used without permission, for "fair use" only
Osijek officially silent about liquidations, but the street has been talking for a while that everything about the events in the early 90's "is known"
Bullet In The Head On Shores Of Drava For 100 Defenders And Serbs From Osijek
"The most important thing is that the victims free themselves from fear and speak up. Crime must be prosecuted, for the sake of the European future of this city," Ladislav Bognar says
by Boris PAVELIC
Novi List, Rijeka, Croatia, July 10, 2003
According to unofficial estimates of the Osijek Police, published by the newspapers two years ago, in Osijek, during 1991 and 1992, more than a hundred persons were murdered or disappeared. Since then, no one has effectively [sic] reacted to that information. In the capital of Slavonia, today, after Ladislav Bognar and Vjenceslav Bill again drew attention to those events, media and official sources are continuing their grumpy silence, but the street, on the other hand, and a few courageous victims, are "whispering like thunder".
Milutin Kutlic, Branko Lovric, Dragan Stojic, Bogdan Pocuca, Njegoslav Romic, Ivica Rotim, Zdravko Pokrajac, Djekic... These are the names of some of the victims that our newspaper managed to obtain after a brief and not terribly thorough investigation. Some of them were civilians, but ethnic Serbs, while others were Croat defenders [soldiers], some of them ethnic Croats. Why, how and when exactly they were murdered, no one can say with certainty, but the Police and the state prosecutor are working harder on suppressing information than on reveling new facts. It is especially confusing why Croat defenders were also murdered.
A surviving witness of one of executions in Osijek has publicly testified about his calvary. Today, he allegedly lives on a farm in Serbia and does not want to talk for the media. His name is Radoslav Ratkovic. He is an electrical technician, so that his nickname in Osijek was "Rade the electrician". According to a street, unverified, story (as no official sources about these and similar events exist) in November 1991 he was taken to the bank of the Drava river with a group of people. They were taken to the Winter Harbor [zimska luka], close to the center of the city. This was the time of the worst fighting, a few days after the fall of Vukovar. The perpetrators shot at the captives and killed them all, apart from Ratkovic. Ratkovic was fortunate that the bullets hit him, but did not injure any of the vital organs. Ratkovic fell in the river; several hundred yards downstream he was found by a Croatian army sentry; the soldiers pulled him out of the river and took him to the Osijek hospital. The police allegedly took Ratkovic's statement, but that cannot be verified. Ratkovic recovered in the hospital and was then assisted in crossing the Hungarian border. Several of our sources confirmed that they later watched Ratkovic on the then occupier's TV Beli Manastir testifying about his experiences. His testimony allegedly exists on tape, but we haven't seen the tape.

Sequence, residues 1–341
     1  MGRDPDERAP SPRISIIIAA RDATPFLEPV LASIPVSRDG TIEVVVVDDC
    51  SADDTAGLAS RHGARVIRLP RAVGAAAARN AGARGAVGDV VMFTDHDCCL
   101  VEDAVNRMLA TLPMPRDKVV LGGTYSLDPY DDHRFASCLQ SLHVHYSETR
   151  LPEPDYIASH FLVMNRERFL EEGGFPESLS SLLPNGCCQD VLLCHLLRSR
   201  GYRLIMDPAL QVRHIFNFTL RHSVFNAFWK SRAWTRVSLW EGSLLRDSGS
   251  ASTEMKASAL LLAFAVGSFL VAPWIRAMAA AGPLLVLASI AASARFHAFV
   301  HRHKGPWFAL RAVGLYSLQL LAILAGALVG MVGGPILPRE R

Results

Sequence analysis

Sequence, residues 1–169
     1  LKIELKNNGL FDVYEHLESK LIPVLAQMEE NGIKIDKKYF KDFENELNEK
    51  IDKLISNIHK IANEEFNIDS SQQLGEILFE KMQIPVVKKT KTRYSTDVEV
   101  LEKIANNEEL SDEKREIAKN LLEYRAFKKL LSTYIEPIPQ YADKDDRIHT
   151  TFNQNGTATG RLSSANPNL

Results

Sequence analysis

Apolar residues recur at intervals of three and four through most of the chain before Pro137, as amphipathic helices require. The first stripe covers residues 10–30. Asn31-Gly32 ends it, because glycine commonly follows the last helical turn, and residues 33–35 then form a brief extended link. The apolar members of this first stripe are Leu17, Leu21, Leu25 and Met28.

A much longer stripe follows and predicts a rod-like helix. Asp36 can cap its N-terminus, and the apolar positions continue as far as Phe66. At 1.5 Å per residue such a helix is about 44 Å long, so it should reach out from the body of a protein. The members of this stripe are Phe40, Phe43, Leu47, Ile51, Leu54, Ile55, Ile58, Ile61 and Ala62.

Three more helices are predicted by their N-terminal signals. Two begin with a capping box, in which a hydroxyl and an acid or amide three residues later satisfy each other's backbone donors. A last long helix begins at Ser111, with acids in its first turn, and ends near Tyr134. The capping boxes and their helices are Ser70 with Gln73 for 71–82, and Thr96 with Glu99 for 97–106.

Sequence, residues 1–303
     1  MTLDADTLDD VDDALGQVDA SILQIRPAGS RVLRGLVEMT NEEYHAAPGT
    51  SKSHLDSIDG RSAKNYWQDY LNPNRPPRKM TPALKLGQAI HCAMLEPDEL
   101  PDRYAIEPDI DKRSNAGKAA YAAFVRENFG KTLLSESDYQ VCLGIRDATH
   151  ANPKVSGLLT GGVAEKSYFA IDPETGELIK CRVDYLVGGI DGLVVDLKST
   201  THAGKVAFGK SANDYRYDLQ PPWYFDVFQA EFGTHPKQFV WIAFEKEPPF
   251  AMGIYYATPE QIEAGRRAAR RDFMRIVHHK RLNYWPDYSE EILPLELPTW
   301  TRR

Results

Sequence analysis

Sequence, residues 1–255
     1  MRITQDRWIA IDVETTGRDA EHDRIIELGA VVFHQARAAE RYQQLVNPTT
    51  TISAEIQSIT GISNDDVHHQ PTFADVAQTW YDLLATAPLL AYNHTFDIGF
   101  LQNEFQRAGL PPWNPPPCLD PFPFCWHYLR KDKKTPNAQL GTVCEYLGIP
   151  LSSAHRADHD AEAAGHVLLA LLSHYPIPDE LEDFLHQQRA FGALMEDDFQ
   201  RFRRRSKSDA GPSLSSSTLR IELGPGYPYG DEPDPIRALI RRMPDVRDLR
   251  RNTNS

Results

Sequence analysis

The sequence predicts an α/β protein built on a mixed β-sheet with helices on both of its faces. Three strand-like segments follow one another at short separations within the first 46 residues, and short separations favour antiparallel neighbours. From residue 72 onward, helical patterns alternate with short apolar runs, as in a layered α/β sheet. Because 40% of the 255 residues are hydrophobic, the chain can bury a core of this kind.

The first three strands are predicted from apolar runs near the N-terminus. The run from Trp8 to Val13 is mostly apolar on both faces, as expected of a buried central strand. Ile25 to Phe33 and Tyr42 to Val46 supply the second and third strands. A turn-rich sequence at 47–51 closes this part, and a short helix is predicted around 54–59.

Civilians whose names we have mentioned were allegedly murdered in the same way. They were taken to the Drava river with hands tied behind their back, and shot with a bullet fired in the back of their head. Some of the bodies haven't been found, but at least one has, that of Njegoslav Romic. His corpse was found with a skull pierced by a bullet and buried in a known location. Only hazy theories exist regarding the murders of Croat defenders. One of them has it that groups or units of defenders engaged in mutual fighting in the chaotic wartime Osijek.
The victims are silent. Only Marija Lovric, wife of missing Branko, has spoken for the media. There are unverified indications that Branko Lovric was murdered after several days spent in captivity, in the group that was executed when Ratkovic was wounded.
"Prosecute Bognar And Bill"
"The most important thing is that the victims free themselves from fear and speak up. Crime must be prosecuted, as that is the only way to make sure this city stops being a twilight zone where crime and lawlessness flourish even today. Mafia that won power through violence during the war remains in power until this day. Its tentacles are still in all the local institutions, from the economy and state administration, over police and courts, to the media. That mafia must be destroyed for the sake of the European future of this city," Ladislav Bognar, SDP representative on the city council, says. Bognar's recent interview again pushed this issue in the limelight.
Branimir Glavas, the man whose name is inseparable from the fate of Osijek in the nineties, would comment on Bognar's assertions only by repeating that he would sue Bognar. "Bognar, as well as Vjenceslav Bill, will get a chance to prove their assertions in court. I will sue them, and then they can prove their assertions as defendants," Glavas says.
He added that "as far as Bognar's statement that mafia rules in Osijek is concerned, let me remind you that the HDZ has never held power in the city". "In the 90s Zlatko Kramaric was the mayor, while during the last three years the Liberal-SDP coalition was in charge".
Translated on February 17, 2004